In the light of no real economic or social justification for microfinance, it is good to see, finally, that this article correctly flags up that there is a political/ideological justification for microfinance. It cannot be stressed too much how the political and ideological imperatives of the neoliberal-oriented development institutions, principally USAID, the World Bank and the IMF, have stood four-square behind the global push for microfinance. Now that, in the wake of the collapse of Lehmann Brothers in late 2008, neoliberal policies are effectively dead, we await to see if the political/ideological impetus to continue with microfinance will also die. So far, there is considerable evidence to show that as more of the problems precipitated by microfinance are exposed, microfinance as an anti- poverty tool is rapidly declining in value within the eyes of the main international development agencies (e.g., in the IADB). But whether microfinance goes very soon to the graveyard of failed neoliberal policies, or remains in operation zombie-like for a few more years, still remains to be seen.

    Milford Bateman
    Author of ‘Why Doesn’t Microfinance Work? The Destructive Rise of Local Neoliberalism’

  2. Anis Chowdhury

    I take most of the comments on my article as complementary. Some of the concerns raised in the comments are in fact mentioned in the longer version of the article, published as a DESA working paper (no. 89). Where we differ is on some likely positive impacts. While Bateman is totally dismissive, I am willing to accept that there might be some positives, and one of them is learning by doing.

    I have no disagreement about problems of counter-factuals and randomised control trials. However, despite limitations, as most other methodologies, most of the studies using the technique came out with sceptical conclusions. I agree with the possibility of a debt trap, i.e. micro borrowers paying one loan with another – it’s like having multiple credit cards.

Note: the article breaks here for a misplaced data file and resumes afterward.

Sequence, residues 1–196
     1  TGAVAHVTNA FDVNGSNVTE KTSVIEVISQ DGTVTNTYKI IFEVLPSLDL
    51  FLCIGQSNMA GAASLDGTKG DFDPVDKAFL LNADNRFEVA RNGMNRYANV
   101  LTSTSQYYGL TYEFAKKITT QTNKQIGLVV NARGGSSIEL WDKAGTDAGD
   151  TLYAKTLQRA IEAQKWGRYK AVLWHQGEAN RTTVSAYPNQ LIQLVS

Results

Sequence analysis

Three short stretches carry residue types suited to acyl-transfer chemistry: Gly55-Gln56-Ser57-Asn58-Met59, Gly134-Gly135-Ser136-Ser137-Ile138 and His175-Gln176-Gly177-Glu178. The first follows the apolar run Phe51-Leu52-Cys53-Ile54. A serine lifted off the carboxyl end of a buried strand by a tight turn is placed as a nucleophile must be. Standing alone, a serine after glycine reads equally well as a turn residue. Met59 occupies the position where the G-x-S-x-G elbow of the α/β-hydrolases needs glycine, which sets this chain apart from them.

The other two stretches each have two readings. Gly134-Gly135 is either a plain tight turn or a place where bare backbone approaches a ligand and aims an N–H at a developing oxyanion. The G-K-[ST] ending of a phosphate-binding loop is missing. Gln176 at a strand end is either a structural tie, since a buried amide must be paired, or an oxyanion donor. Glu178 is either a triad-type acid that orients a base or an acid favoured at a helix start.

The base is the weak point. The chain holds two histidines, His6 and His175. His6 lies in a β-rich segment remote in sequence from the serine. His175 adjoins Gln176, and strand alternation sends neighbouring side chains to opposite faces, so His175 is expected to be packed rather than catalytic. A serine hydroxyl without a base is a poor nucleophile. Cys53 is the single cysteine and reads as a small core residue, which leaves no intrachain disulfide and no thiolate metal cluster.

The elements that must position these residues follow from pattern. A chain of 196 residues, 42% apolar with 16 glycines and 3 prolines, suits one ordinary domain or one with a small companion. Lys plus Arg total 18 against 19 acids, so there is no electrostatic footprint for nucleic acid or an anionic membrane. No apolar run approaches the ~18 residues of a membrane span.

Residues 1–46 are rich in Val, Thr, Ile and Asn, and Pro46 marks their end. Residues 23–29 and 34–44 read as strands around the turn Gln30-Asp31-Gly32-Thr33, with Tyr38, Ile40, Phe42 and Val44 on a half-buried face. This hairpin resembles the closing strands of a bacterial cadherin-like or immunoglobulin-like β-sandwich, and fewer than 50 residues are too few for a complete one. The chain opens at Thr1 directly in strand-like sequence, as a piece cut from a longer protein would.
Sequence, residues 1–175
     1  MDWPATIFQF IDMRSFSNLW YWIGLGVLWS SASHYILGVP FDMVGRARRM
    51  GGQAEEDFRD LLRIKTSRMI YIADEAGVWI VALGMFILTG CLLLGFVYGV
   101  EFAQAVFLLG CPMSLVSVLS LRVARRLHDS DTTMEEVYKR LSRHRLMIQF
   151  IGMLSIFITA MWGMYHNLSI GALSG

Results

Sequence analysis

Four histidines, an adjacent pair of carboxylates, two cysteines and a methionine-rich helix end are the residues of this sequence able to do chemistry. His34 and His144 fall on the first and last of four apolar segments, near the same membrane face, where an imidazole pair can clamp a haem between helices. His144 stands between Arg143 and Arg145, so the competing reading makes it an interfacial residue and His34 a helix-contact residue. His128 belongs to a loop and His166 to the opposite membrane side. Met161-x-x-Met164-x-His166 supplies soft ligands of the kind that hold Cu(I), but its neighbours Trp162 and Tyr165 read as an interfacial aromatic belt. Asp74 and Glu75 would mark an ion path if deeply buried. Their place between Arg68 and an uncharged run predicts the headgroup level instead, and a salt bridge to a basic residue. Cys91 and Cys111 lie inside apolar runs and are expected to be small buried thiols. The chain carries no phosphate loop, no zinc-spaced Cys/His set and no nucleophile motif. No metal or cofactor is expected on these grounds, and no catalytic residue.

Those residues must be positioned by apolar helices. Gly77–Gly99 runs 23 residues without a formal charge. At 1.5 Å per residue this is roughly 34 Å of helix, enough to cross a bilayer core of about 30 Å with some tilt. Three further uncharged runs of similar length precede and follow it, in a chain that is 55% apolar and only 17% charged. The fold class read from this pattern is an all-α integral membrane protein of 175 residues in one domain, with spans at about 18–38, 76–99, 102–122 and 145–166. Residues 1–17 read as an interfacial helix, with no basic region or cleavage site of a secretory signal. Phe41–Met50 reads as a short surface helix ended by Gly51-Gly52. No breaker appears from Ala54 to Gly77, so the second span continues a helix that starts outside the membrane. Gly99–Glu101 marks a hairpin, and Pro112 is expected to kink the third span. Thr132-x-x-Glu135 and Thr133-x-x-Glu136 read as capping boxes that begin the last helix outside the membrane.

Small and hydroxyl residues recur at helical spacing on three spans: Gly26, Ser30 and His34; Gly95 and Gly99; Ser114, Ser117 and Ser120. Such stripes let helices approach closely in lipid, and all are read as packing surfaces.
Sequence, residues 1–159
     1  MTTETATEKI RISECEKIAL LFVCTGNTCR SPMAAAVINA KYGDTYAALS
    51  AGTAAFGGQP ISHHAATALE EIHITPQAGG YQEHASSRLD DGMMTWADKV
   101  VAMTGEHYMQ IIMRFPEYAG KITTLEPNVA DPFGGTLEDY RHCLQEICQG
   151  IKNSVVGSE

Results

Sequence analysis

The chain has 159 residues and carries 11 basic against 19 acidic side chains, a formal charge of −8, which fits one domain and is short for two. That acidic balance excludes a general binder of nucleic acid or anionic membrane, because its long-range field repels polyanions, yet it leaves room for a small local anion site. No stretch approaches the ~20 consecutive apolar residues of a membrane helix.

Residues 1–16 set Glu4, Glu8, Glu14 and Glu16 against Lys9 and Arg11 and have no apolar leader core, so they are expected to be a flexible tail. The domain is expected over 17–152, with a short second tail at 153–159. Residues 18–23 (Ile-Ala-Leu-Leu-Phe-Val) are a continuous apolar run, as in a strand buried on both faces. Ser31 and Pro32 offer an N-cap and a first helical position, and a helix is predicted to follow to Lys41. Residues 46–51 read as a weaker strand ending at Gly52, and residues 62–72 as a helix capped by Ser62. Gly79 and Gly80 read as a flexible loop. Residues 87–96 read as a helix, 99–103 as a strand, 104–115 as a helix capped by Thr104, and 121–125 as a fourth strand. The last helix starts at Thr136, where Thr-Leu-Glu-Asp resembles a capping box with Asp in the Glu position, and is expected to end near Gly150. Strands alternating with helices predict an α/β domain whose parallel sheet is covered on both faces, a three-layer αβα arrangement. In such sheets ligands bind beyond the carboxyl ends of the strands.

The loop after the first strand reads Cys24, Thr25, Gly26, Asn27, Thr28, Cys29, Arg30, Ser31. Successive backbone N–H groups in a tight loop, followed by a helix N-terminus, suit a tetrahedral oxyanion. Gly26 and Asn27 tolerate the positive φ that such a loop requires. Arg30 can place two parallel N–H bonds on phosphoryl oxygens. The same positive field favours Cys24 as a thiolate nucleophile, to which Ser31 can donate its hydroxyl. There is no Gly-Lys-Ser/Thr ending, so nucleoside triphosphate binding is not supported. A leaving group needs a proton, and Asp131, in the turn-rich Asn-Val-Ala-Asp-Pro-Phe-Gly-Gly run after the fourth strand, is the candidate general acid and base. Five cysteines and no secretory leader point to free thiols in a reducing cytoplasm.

Second, the concern about job displacement and client failure is also quite valid and I also raised this, especially in the context of a stagnant or slow growing economy. I did emphasise that overall macroeconomic condition must be robust for microenterprises to succeed. Otherwise, there is a real possibility of falling into a debt trap.

    The comment on interest rates and full cost recovery is quite extended. The longer version of my paper relates to exploitation of labour surplus. Obviously, the surplus is captured by the CEOs and other employees in the form of high salaries and other benefits. The examples cited in the commentary strengthens my argument.

    The issue of de-industrialisation is interesting, and was not captured fully in my article. However, the discussion on the problems of microenterprises and on the importance of developmental-oriented macro and industrial policies does cover the issue to some extent.

    I agree that micro credit is an inefficient way of providing social security. In the absence of a comprehensive universal social security system, micro credit is a second best solution for consumption smoothing, and it has some beneficial effects if consumption smoothing means keeping the children at school or seeking medical help at time of economic distress.

  3. Paul Hesp, Vienna

    I cannot claim to have any expertise in the matter of micro-finance apart from receiving pocket money (grants, not loans) from my dad many decades ago. But the discussion above did make me think a bit. To me, the key elements of the discussion were:

    – Micro credit can help to create a better social environment for development, though it may result in the same debt trap as informal lending
    – It is of doubtful value in making the leap from self-supporting to (technologically) innovative, dynamic enterprise
    – To make the best of it, you need an overall social and political environment that is conducive to broad-based development
    – Micro-credit bankers are not necessarily morally superior to other bankers